March 26, 2018
If you’ve recently filed or are getting ready to file a workers’ compensation claim, you may have already encountered a few unfamiliar terms and/or acronyms that have the potential to affect your claim.
In the complicated world of workers’ compensation, understanding specific terms helps you communicate effectively and strengthen your claim when possible. We’ve come up with common workers’ compensation vocabulary words to help you become fully prepared and well informed.
Average Weekly Wage (AWW)
Insurance companies use an average weekly wage calculation to determine the rate at which you will be paid for lost wages due to a disability. Typically, workers’ compensation payouts come to about two-thirds of an employee’s average weekly wage.
Compromise and Release (C&R)
This is one way to settle a workers’ compensation claim outside of court. In exchange for closing your claim permanently, your employer’s insurance company will write you a check for an agreed-upon amount to cover whatever costs are outlined in your claim. Once the claim is closed, however, it can’t be reopened if, say, your condition worsens in two weeks. You give up your right to ask for more money for the same injury later on.
Federal Employees Compensation Act (FECA)
This is the law that established the federal workers’ compensation program. If you’re injured or disabled while working for the federal government, your compensation will be handled a little differently than under a typical insurance company.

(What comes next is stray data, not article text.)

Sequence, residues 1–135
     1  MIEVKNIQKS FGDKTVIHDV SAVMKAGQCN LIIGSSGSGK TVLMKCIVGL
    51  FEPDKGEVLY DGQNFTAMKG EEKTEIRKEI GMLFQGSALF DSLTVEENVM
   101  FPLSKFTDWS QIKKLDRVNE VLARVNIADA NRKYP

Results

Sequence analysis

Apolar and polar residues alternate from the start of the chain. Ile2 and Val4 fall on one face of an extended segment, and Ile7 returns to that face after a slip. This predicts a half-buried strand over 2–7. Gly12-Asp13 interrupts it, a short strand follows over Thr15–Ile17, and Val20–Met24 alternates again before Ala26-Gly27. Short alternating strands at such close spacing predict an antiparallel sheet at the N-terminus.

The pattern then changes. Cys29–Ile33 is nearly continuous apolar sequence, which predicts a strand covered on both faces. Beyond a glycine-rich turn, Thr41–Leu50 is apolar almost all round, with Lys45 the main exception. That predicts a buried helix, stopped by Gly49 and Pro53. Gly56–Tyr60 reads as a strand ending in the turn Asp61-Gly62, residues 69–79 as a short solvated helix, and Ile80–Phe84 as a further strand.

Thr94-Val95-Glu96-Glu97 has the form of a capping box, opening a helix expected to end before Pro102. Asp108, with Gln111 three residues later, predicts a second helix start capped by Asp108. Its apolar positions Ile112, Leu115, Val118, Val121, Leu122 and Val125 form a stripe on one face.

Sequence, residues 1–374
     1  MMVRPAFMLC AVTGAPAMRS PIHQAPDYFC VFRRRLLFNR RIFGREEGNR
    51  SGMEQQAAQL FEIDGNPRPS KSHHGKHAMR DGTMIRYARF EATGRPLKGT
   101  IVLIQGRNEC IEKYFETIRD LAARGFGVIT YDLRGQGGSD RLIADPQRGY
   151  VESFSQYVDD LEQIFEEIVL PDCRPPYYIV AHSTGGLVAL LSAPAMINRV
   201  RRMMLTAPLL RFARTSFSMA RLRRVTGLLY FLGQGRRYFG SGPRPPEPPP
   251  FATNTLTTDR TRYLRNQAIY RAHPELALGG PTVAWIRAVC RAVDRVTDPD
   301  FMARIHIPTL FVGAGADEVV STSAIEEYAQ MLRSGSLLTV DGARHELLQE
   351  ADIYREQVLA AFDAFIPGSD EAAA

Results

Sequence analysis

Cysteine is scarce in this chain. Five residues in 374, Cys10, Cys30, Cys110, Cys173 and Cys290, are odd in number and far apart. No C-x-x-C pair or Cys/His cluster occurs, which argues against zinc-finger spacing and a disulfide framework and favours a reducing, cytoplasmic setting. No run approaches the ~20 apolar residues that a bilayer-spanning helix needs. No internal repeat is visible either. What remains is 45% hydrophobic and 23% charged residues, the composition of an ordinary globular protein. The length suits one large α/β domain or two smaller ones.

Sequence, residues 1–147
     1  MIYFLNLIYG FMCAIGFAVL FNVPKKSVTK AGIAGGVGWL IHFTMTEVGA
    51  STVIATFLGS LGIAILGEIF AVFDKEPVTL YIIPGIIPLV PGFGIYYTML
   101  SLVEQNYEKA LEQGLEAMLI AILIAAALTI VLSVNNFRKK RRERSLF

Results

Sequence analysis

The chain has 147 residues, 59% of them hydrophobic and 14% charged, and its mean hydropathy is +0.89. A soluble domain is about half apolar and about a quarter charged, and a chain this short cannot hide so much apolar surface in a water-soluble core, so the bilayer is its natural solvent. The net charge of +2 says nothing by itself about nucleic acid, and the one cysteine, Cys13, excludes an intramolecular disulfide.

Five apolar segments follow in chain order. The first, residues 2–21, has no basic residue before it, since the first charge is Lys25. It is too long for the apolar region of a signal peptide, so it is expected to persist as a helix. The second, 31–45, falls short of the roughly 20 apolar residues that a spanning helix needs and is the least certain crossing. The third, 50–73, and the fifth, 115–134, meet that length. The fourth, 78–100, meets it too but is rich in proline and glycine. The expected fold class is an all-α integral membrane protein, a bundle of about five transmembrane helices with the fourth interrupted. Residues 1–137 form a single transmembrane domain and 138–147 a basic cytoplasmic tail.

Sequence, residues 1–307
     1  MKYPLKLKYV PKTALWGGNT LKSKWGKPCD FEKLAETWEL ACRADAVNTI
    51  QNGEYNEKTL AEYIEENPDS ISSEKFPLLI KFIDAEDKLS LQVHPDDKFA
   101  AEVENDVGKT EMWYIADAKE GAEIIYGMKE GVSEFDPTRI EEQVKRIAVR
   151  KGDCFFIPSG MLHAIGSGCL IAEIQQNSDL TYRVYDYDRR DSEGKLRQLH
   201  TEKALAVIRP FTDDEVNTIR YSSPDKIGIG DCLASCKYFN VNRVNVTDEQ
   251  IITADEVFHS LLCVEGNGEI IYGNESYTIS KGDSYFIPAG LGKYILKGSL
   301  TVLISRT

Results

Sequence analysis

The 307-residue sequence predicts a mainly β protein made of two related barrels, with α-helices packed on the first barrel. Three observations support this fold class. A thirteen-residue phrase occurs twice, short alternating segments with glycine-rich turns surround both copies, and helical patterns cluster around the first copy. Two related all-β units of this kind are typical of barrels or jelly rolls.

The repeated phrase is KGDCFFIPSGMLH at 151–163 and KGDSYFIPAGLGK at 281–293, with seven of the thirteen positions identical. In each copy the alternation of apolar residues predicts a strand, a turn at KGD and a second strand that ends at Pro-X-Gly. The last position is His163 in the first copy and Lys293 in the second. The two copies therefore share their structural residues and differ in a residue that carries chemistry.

First Report of Injury (FROI)
The official start of a workers’ compensation claim is when your employer submits a Report of Injury to the Indiana Workers’ Compensation Board. They are required to do so whenever an employee is injured and out of work for more than a day.
Functional Capacity Evaluation (FCE)
Your treating doctor (the company doctor, usually) reports your functional capacity as part of the workers’ compensation claim. This report lets your employer know how well you can perform physical work-related tasks such as sitting, standing, or lifting.
Independent Medical Examination (IME)
Sometimes, insurance companies ask an employee to receive a medical examination from a doctor of their own choosing, usually in an attempt to reduce the amount they will have to pay the employee. These examinations tend to apply mostly to permanent disability claims.
Maximum Medical Improvement (MMI)
In short, MMI is the point at which a patient stops improving in the course of a treatment plan. For workers’ compensation purposes, it can be strategic to avoid settling your claim until your doctor reports you’ve reached MMI. This way, you can be sure to account for every possible medical cost in your claim.
Repetitive Stress Injury (RSI)
Workers’ compensation doesn’t just apply to people who fall off ladders or inhale harmful chemicals; it also covers repetitive stress injuries like carpal tunnel syndrome. You should check with your doctor to confirm that the injury was more than likely caused by work before filing a workers’ compensation claim with your employer.
Insight from an Indiana Workers’ Compensation Attorney
We’ve tried to provide a glimpse into the technical terms that power the workers’ compensation process, but there’s no way we could cover everything here. Everyone’s story is different, and it takes personal attention to help make these concepts clear.
That’s why Hensley Legal Group’s worker’s compensation attorneys offer a free conversation to help you decide if pursuing a claim or lawsuit is right for you. Call us today or contact us online to learn more.